Then the wheel turned again. The respectability of creating exotic Italo-French spectacles dwindled sometime before Turandot , and modern composers turned back to the Greeks. They might find what they needed in the stripped, other-worldly rituals of Aeschylus; in the balanced classical humanism of Sophocles; or in the neurotic passions and vernacular intensity of Euripides. At the same time, French and American playwrights (Cocteau, Anouilh, Giraudoux, Gide, Sartre, Jeffers, O'Neill), filmmakers (Cocteau again, Cacoyannis, Pasolini), and important stage directors in Europe and in America were rediscovering the Greek tragedians, whose work they frequently turned to novel political or psychological ends.

Most of the hundreds of classically derived operas have been dropped from the active repertory. I found reports of twenty-five operas based on the Greek tragedies performed on the world's opera stages (some on very small stages) between 1974 and 1984. Of these, four—Gluck's Alceste , after Euripides (1767), Cherubini's Médée , after Euripides (1797), Strauss's Elektra , after Sophocles (1909), and Stravinsky's Oedipus Rex , after Sophocles (1927)—lead the list. Looking at the ways these four composers and their librettists made use of their classical sources may teach us something of the flexibility and endurance of one of the oldest-known sources of human stories.

Although it's all about dying, Euripides's version of Alcestis is denied the title of tragedy by some commentators, because it ends happily and includes at least one semicomic scene.

Euripides's play doesn't have much of a "plot," in Aristotle's sense, or in ours. Instead, a "situation"—one established, in typical Greek-tragedy fashion, by events that occurred before the play begins—is described, demonstrated, examined, argued over, sung about, and danced about from various sequential perspectives, and then finally concluded—only to be overturned by a benevolent deity in the final scene.

The situation is the noble, magnanimous, and exemplary dying of Alcestis, queen of Thessaly, on behalf of and out of love for her husband Admetus. When the day appointed for his death had come, Admetus had managed to cheat the Fates and escape—but only on the condition that he come up with a substitute victim. No one else volunteering (including, to his disgust, his aged parents), his wife has offered herself in his stead. Her offer is accepted, and the day of the play is the day of her death.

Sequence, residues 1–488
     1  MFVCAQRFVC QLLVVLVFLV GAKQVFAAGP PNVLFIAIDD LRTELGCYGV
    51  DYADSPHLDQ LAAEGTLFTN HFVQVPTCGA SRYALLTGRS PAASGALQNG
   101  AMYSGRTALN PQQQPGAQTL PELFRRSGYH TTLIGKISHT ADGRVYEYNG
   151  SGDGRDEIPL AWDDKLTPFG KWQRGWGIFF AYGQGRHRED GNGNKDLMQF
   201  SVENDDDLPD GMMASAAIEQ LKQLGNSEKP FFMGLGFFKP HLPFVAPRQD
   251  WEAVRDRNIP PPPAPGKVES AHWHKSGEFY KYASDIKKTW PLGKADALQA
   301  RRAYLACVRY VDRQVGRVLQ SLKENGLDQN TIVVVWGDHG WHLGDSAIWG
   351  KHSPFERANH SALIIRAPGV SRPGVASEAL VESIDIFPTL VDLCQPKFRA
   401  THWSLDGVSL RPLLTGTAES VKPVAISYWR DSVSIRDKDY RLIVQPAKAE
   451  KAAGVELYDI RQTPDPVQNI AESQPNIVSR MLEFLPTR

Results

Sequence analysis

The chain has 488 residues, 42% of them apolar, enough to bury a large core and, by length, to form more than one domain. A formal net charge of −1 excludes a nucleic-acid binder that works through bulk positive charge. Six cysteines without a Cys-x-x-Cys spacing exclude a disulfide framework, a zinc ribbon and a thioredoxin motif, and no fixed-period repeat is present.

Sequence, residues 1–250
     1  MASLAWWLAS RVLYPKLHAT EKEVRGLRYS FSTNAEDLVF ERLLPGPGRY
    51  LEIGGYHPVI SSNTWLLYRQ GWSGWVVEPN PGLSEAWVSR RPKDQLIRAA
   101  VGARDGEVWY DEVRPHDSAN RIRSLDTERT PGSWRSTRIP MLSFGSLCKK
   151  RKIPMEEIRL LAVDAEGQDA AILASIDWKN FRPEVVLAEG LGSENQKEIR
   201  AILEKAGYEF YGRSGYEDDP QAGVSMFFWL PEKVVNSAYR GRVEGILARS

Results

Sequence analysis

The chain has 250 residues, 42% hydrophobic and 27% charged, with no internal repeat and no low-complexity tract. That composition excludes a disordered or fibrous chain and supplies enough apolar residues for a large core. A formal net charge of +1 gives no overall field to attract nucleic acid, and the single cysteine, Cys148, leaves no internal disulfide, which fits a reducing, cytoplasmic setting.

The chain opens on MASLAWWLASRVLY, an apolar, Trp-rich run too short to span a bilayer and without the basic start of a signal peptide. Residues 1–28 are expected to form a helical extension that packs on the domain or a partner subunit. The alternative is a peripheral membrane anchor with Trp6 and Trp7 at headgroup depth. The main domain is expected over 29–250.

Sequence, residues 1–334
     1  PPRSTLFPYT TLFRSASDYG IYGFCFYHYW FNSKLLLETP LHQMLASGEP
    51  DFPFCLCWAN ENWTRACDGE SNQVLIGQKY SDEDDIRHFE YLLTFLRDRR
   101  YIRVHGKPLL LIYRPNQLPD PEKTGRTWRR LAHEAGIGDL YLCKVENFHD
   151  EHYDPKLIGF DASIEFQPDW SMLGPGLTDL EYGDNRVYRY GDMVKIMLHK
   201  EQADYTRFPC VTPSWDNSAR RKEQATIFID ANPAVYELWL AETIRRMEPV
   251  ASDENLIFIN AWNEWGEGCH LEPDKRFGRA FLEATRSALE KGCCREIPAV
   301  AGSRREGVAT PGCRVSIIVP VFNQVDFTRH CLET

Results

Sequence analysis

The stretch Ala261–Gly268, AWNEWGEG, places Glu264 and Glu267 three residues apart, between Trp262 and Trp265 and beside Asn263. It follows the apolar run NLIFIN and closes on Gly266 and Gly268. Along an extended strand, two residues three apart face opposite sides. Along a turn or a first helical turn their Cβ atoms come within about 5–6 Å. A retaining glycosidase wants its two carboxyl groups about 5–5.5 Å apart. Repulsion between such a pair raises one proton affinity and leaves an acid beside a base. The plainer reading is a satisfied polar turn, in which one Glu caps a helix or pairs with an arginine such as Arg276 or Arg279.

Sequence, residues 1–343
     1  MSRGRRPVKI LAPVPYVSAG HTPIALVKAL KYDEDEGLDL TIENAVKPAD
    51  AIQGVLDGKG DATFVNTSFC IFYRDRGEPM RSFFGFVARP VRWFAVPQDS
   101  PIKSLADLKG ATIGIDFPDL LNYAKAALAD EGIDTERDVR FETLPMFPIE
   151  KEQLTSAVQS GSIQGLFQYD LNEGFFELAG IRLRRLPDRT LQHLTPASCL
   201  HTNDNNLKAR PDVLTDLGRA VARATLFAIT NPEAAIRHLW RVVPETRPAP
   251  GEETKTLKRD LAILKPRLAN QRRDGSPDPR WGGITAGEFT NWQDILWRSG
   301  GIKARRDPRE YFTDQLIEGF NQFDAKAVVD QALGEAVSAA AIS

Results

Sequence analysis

Before the dying queen and grieving king even come on stage, we learn all of this from Apollo and Death, who argue out (and thereby reveal) the conclusion of the


story; from a chorus of citizens, who chant about "the noblest woman alive"; and from Alcestis's servant maid, who reports in great detail the queen's sublime and pathetic preparations for her self-sacrifice. Alcestis is borne in on a litter, accompanied by her heartbroken spouse, for a magnificent death scene, which follows all of the ritual and rhythmic patterns expected of Attic tragedy. They exchange sad two-line remarks, then short six-line speeches. She has a long farewell "aria," with a choral response. He has a long answering aria, with a choral response. Then comes a sequence of line-for-line "repartee," or stichomythia, ending with broken lines, and her death. Their son recites two ten-line stanzas of grief. The body is carried inside. The chorus admonishes Admetus to be brave; he orders a year of public mourning. The chorus chants a moving four-stanza hymn to the dead.

This takes us only about halfway through the play, but it is all of Euripides's story that the operatic version uses, except for a subsequent scene of lamentation by Admetus and the "surprise" happy ending. Euripides varies and enlivens the time between Alcestis's death and the conclusion with a brilliantly bitter exchange between the king and his old father that is charged with violent hostility and rhetorical wit; and with the unexpected arrival of Heracles, en route to his fifth impossible labor. He is welcomed as a guest of the palace by a king too proud of his reputation as a host to turn him away. Heracles then proceeds to get drunk and disorderly in the house of sorrow. When he learns from an angry servant of the mourning he has interrupted, he goes to Alcestis's tomb and wrestles with Death for her body. (This we never see; we only hear of it.) Heracles then returns the body (alive) to an astonished and grateful husband.

Christoph Willibald, Ritter von Gluck (the title Ritter —"Count," more or less—was a papal honor, not a sign of noble birth), and his Italian librettist Raniero de' Calzabigi were obviously attracted to the potential for sad sweetness and lamentation in this story, which Gluck's pure, stately, finespun music expresses so eloquently. They cut out the father-son quarrel, and Heracles's crude intrusion, which would have clashed with their preferred texture of courtly emotions, silver-voiced airs, noble recitatives, and ritual, dancelike rhythms. To enlarge an undivided 1,100-line play into a satisfying 1767 Viennese court entertainment, they expanded backward in time, beginning their version not with Alcestis's death day, but with her husband's before hers. (Lully's seventeenth-century version takes the beginning back further still, to the battle in which her husband was wounded.) This allows for two separate sequences in which pitiful choruses sing in slow, Bach-like harmonies, repeating their woeful lines over and over. This also gives us the high drama of Alcestis's act of self-sacrifice on stage, proposed in her famous invocation of the spirits of hell: "Ombre, larve" in Italian, "Divinités du Styx" in the 1776 French. Gluck adds another scene in which Alcestis, alone with the infernal deities in a sacred wood, seals her vow with another gorgeous concert-piece aria, "Non vi turbate, no, pietosi dei," sad oboe breathing above, bass strings